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26 June, 2013
Index by Period
Around the turn of the twentieth century the art world exploded like a bomb, with young artists openly rebelling against the accepted forms of art - even the Impressionists had now become "establishment". Mirroring their revolutionary spirit elsewhere in Europe, these artists were hungry to explore any and every avenue open to them in terms of what they could paint and how they could apply their paint. Artists formed themselves into groups, each of which was intent on a particular form of expression. In an attempt to intellectualise their art, many of these groups published manifestos explaing the motives behind their work.
(1880 - 1945)
Just four or five years into the new century, many young artists casting around for stimulus starting looking beyond Europe and Asia, and into Africa and the arts of the Pacific. African art became a great stimulus with its simplistic forms, innovative patterns, and brilliant juxtaposition of colour.
contributed by Gifford, Katya
6 April 2002
|Fauves (1905 - 1908)|
A style of painting introduced in Paris in the early twentieth century, characterised by areas of bright, contrasting colour and simplified shapes.
Social Realism (1925 - 1945)
A type of realism (1925 - 1945) which is more overtly political in content, critical of society, marked by its realistic depiction of economic hardships, emotional strains, and degrading situations. The art work is a form of social protest. Ben Shahn, Jacob Lawrence, and Jack Levine are the best-known American Social Realists.
Regionalism (1930 - 1939)
Regionalists are artists who paint images of their culture or country. Many of these were painted as murals in public areas. Popular artists of this genre are Thomas Hart Benton and Diego Rivera.
Ashcan School (1908 - 13)
A group of American painters and illustrators of the early 20th century, often known as The Eight. They were Robert Henri, John Sloan, George Luks, William Glackens, Everett Shinn, Maurice Prendergast, Arthur Davies, and Ernest Lawson. Their work depicted such subjects as the streets and inhabitants of big cities with a vigorous sense of realism.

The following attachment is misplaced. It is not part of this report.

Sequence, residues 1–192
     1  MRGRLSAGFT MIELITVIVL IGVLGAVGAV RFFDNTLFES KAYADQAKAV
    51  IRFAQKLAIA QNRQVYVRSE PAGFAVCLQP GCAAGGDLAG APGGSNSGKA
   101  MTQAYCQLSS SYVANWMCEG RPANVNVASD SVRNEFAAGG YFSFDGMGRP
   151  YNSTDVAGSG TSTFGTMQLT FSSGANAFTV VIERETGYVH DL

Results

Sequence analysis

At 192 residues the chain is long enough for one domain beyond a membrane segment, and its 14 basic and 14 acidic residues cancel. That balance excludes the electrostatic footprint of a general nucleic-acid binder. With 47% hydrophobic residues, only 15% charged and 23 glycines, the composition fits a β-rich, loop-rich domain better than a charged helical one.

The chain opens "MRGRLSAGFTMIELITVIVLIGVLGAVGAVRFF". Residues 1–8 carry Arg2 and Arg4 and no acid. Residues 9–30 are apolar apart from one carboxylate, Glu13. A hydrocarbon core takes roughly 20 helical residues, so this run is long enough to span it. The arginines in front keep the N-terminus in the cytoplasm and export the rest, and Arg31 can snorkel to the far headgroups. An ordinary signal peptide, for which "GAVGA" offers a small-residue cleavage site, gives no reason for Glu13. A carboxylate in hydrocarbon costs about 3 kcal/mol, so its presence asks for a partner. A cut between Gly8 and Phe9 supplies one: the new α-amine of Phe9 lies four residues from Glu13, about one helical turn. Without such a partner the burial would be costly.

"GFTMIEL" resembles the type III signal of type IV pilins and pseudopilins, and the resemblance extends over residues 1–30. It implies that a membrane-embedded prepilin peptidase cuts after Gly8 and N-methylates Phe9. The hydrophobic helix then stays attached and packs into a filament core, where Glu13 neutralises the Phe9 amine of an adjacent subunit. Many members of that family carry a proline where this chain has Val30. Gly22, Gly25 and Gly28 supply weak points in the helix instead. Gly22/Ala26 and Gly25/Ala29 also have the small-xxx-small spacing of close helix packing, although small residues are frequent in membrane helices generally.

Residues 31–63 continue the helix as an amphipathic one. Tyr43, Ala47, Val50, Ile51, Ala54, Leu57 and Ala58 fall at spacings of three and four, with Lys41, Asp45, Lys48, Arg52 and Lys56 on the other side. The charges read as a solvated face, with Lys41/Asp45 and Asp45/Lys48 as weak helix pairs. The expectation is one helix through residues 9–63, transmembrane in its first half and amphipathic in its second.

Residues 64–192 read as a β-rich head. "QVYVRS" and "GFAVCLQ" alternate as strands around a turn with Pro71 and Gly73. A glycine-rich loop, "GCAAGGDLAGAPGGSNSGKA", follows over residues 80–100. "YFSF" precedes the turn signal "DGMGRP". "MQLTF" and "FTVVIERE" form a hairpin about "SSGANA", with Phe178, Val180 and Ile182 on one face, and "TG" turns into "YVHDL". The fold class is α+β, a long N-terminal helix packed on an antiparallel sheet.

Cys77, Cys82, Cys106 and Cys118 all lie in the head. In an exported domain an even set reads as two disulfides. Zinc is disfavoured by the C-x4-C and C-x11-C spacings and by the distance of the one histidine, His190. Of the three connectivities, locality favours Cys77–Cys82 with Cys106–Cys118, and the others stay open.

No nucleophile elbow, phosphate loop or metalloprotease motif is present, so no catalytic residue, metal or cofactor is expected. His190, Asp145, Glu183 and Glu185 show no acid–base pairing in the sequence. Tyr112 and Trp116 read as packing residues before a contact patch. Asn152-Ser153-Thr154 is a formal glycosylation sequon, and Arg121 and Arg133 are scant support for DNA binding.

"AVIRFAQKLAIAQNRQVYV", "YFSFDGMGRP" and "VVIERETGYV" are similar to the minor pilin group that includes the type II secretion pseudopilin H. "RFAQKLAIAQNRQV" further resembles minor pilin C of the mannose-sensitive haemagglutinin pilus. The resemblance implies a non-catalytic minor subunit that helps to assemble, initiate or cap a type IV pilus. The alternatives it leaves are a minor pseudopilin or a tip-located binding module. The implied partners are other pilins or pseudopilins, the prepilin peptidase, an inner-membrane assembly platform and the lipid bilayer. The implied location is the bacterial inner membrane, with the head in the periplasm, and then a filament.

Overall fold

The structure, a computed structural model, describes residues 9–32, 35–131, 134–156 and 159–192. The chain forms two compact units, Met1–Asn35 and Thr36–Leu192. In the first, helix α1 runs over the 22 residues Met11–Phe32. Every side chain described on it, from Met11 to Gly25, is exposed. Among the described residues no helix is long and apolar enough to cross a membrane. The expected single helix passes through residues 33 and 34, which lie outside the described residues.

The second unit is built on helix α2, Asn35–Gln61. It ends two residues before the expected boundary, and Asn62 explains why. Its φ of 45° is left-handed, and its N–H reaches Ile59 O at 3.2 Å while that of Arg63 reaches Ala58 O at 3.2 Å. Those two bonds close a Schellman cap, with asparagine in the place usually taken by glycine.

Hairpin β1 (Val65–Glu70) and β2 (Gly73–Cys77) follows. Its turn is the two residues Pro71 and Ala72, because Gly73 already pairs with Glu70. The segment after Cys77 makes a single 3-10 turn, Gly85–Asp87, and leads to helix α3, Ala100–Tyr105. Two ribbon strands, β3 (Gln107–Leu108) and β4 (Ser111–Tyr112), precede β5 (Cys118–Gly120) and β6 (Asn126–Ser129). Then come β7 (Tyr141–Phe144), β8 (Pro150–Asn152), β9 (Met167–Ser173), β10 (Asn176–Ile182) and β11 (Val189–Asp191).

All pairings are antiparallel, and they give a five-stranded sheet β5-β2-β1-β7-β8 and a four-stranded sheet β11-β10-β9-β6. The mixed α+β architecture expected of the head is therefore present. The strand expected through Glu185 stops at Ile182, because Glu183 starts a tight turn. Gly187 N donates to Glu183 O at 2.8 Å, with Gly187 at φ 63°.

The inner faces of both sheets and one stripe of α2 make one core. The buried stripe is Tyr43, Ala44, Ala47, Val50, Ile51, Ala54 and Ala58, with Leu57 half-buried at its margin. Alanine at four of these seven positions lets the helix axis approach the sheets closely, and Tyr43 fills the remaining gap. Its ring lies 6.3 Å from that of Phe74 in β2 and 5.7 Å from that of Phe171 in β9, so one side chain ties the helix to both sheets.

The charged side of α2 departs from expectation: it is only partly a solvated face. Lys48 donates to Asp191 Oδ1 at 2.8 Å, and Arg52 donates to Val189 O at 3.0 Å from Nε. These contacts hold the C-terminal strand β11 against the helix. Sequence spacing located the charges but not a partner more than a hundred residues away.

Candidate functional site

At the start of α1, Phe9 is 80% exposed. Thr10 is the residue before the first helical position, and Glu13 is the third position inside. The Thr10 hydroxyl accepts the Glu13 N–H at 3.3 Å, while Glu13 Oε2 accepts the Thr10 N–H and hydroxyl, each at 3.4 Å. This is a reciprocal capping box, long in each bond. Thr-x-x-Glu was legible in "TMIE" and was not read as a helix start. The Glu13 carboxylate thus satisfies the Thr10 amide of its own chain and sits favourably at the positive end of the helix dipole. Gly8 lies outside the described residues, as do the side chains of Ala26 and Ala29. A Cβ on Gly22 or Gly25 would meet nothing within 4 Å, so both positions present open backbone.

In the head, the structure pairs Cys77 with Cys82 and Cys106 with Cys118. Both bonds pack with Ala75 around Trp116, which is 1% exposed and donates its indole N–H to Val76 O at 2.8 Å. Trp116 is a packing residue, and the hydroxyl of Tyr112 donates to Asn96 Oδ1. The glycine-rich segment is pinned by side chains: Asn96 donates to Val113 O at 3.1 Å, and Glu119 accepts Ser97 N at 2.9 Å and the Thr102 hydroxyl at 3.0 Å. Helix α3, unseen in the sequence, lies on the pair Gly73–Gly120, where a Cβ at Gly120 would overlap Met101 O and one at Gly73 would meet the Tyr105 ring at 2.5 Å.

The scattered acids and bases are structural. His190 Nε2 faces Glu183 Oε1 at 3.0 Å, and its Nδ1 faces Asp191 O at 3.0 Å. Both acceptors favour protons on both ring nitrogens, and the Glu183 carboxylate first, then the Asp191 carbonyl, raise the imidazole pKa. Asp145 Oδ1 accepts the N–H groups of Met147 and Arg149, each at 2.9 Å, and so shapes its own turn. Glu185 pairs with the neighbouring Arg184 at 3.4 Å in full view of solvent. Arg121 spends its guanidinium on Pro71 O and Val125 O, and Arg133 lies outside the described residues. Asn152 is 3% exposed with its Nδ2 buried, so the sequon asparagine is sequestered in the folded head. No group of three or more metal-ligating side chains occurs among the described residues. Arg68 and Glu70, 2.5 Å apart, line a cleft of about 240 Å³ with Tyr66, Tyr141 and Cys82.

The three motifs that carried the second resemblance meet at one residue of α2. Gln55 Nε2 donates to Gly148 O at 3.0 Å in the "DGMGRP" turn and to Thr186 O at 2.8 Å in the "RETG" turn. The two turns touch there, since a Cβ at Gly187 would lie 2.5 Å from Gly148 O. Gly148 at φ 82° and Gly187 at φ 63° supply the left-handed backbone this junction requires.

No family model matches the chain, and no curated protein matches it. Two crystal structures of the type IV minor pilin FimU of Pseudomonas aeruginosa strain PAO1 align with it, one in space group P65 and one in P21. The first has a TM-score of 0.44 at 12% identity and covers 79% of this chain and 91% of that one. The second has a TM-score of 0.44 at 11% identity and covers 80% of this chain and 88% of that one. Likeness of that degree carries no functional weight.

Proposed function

Golden Age of Illustration (1890 - 1945)
The last decades of the nineteenth century saw an unprecedented flowering of (American especially) illustrative art, promulgated by Howard Pyle and carried on by his students, who included N. C. Wyeth, Jessie Willcox Smith, Frank Schoonover, Elizabeth Shippen Green, Edwin Austin Abbey, and Maxfield Parrish.
Symbolism (1880 - 1890s)
An art movement (1880 - 1890s) which rejected the purely visual realism of the Impressionists, and the rationality of the Industrial Age, in order to depict the symbols of ideas. The artists used imagery and symbolism from mythology, religion, and dream psychology (as developed by Jung and Freud for example) in order to create art that was psychologically suggestive and often disturbing in content and message. The leading Symbolists included Gustave Moreau, Odilon Redon, and Pierre Puvis de Chavannes.
Art Nouveau (1880 - 1910)
A style which evolved during the 1890s which used asymmetrical decorative elements derived from objects found in nature.
Post-Impressionism (1880 - 1920)
A general term applied to various personal styles of painting by French artists (or artists living in France) that developed from about 1885 to 1900 in reaction to what these artists saw as the somewhat formless and aloof quality of Impressionist painting. Post-Impressionist painters were concerned with the significance of form, symbols, expressiveness, and psychological intensity. They can be broadly separated into two groups, expressionists, such as Gauguin and Van Gogh, and formalists, such as CÚzanne and Seurat.
Expressionism (1890 - 1920s)